Hi All,
How do you guys do your package versioning? I understand the major.minor.build way of doing things but it’s very restrictive. With the first 2 decimal points having a max value of 255… and Windows Installer ignoring anything after the 3rd point…

For example, what if I have 2 Java versions; 1.5.0.60 and 1.5.0.80 and I want to represent an in-house release number. I can’t have 1.506.2 (where 2 is the release number) as 506 is greater that the 255 max value and I can’t have 1.5.2 as this is ambiguous.

Also, if you’re transforming a vendor MSI is it ok to change the version number?

Any thought?
Cheers
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Best effort in most shops I go to. If you can't get the real version number into the MSI version field then we just fake it. Most of the time Windows Installer patches or native MSI upgrades are not being performed at the sites I go to so it usually isn't a big deal. I am not necessarily saying this is best practice but this is what I see in the wild.

edited for better clarity
Answered 03/06/2007 by: kkaminsk
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best profile name I've seen in awhile. [:D]
Answered 03/06/2007 by: turbokitty
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For something like JRE, it's probably not a good idea to modify the vendor's version numbers. This might interfere with upgrade support. Consider putting your package version information somewhere else, such as the Summary table, which can be accessed when you bring up Properties of the file. If you need to be able to use the internal version number in the package, then consider storing it in a company standardized property. Either way, you can establish any versioning standard that you want.

I've also seen some companies put a standardized version number into the file name itself (e.g. AppName_01500060.mst). It requires careful definition to determine what the version number really is.

--Josh
Answered 03/07/2007 by: mazessj
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We use version numbers within the MSI and Release candidate numbers in the MSI file name...
I fondly recall the arguments I've had in the past relating to setting standards regarding version info - some have been a little too heated :)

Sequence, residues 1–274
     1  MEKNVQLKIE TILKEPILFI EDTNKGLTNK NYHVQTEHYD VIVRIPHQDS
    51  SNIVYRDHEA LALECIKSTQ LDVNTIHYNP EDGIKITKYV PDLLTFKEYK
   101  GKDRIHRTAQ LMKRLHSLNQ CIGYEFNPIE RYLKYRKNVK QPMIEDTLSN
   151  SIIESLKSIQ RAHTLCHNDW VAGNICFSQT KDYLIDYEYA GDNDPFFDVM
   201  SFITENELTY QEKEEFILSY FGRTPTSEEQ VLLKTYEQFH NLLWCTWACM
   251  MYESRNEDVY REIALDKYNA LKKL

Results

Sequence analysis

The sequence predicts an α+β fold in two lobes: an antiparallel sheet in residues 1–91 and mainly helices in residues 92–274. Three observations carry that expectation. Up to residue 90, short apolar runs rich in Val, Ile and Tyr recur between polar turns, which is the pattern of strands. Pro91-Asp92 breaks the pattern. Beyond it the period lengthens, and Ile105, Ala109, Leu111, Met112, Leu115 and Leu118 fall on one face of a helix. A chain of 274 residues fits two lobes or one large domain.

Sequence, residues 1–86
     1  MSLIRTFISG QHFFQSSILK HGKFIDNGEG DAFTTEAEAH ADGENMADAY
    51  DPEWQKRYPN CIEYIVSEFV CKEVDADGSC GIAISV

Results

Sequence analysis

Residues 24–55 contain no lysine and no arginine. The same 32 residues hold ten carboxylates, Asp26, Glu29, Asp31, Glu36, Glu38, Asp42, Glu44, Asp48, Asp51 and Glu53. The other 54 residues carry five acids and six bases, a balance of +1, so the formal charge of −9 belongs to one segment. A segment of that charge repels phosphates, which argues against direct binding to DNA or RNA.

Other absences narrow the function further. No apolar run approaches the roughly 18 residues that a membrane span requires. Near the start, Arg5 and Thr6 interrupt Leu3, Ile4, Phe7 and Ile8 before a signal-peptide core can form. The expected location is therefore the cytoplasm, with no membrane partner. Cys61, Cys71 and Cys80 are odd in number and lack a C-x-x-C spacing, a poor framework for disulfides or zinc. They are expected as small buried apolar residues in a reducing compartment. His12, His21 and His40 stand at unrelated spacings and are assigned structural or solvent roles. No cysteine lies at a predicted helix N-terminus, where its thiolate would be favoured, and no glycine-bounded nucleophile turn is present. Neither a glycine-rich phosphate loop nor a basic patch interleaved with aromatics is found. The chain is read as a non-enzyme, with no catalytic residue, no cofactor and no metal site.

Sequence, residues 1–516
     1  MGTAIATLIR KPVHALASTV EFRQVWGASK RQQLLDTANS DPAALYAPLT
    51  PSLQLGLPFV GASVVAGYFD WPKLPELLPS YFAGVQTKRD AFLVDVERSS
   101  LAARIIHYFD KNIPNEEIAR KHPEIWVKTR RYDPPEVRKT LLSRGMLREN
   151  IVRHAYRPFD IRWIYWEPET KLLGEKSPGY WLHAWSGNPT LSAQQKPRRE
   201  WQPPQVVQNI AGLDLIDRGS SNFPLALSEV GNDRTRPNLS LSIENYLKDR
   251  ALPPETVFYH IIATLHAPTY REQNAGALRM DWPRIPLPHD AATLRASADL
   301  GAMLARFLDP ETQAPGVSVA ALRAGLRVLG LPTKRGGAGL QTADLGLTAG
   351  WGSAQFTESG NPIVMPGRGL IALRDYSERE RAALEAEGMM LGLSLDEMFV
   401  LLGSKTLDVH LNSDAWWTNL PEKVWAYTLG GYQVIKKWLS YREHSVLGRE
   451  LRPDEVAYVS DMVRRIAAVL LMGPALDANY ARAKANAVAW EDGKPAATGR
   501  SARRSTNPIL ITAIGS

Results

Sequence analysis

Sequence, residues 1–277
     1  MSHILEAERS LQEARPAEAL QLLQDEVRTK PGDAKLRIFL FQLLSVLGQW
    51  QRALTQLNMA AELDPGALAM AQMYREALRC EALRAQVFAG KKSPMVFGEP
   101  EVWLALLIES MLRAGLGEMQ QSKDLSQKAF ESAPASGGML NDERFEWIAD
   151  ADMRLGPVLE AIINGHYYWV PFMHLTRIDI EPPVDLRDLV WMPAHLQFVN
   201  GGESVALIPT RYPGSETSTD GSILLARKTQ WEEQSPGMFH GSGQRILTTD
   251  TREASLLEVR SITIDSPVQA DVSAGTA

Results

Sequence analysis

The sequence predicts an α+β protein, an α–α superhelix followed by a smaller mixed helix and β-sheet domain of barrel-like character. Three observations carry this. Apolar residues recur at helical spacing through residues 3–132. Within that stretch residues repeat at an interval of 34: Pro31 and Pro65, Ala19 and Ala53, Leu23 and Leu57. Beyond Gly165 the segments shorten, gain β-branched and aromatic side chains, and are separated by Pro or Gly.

So with vendor MSI's we (well, I...) keep the existing number where possible and our mst will contain the Release number (e.g. R1.0.0)
With snapshot MSI's some think the MSI version number should be the same as the Release number - others believe it should be the application version
Pistols at dawn seems a tad extreme but it's surprising how passionate some people get about a bunch of numbers...
Have a lovely day.
Regards,
Al
Answered 03/08/2007 by: AB
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Tell me about it! I’m in the mist of this argument atm. Oh well, I guess we just have to settle on a method and stick with it. Having the release in the version property makes ‘upgrades’ so easy when something gets push out that’s not quite right (which happens all to often :)

Thanks to all that replied. May the versioning war continue.

Charlie
Answered 03/08/2007 by: fuz_kitten
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best profile name I've seen in awhile.
Fanks :P
Answered 03/08/2007 by: fuz_kitten
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Hi Charlie,
we try to handle it very pragmatic, especially with vendor MSI's.
JRE is very good example: Until version 1.5.0.70 they not even had the right format in the ProductVersion property. But because Sun puts a new Upgrade Code into each new release, the version number isn't that important.
Regards, Nick
Answered 03/08/2007 by: nheim
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Arrr! I’ve just stood up in front of everyone and said that upgrade codes must be kept the same for each release of a software family!

Right, all I have to do it pretend that I know what I’m talking about, and then they will respect my authota!

Cheers!
Charlie v1.4.5 SP2 RC1
Answered 03/09/2007 by: fuz_kitten
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Hi Charlie,
very nice version info b.t.w. :-)
Don't justice yourself too hard!
You are right with your statement about the upgrade codes.
The line about JRE was only meant as an example of not so well behavior. In such cases, we just have to live with it, i'm afraid.
Heads up. :-)
Regards, Nick
Answered 03/09/2007 by: nheim
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